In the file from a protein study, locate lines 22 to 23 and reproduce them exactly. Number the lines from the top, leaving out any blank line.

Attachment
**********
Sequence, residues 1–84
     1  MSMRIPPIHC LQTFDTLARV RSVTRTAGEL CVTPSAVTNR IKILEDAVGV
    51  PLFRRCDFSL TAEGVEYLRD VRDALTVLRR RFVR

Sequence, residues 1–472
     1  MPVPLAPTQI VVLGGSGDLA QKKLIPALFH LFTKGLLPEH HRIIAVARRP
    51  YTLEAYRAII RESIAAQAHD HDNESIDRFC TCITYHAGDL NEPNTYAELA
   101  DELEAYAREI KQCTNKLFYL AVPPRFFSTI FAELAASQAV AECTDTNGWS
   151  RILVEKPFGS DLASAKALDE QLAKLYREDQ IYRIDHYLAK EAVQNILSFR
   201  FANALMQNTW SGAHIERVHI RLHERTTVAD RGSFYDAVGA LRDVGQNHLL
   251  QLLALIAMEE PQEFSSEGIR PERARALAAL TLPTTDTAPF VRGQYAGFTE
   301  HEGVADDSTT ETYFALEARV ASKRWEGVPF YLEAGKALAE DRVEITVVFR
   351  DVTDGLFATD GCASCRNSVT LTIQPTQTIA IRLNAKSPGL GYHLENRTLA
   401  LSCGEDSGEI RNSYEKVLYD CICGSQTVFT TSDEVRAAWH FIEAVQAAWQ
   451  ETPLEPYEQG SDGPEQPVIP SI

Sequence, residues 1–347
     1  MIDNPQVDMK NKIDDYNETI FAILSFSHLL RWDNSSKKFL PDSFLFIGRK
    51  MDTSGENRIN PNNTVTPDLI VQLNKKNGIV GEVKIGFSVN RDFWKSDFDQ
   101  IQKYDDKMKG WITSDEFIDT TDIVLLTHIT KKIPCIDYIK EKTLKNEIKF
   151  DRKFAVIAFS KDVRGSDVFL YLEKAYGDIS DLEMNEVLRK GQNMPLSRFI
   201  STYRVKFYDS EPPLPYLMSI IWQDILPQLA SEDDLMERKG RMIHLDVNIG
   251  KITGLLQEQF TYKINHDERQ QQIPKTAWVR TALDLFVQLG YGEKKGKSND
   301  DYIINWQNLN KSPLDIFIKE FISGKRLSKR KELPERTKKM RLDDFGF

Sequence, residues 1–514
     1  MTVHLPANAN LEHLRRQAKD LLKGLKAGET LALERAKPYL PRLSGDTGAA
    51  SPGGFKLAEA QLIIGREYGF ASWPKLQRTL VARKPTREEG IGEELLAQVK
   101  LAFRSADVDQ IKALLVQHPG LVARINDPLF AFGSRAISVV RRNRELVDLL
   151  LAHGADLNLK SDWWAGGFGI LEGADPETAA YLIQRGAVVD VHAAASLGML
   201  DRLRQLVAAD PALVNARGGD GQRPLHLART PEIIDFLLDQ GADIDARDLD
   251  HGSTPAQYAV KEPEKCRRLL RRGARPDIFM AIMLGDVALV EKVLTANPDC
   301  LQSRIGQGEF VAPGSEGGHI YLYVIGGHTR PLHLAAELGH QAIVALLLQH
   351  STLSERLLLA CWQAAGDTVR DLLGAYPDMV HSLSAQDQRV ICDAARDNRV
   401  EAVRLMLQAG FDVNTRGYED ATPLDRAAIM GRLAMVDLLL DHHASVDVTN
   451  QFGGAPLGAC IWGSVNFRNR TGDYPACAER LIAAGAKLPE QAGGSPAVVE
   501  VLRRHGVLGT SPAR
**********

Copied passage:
   301  DYIINWQNLN KSPLDIFIKE FISGKRLSKR KELPERTKKM RLDDFGF

Sequence, residues 1–514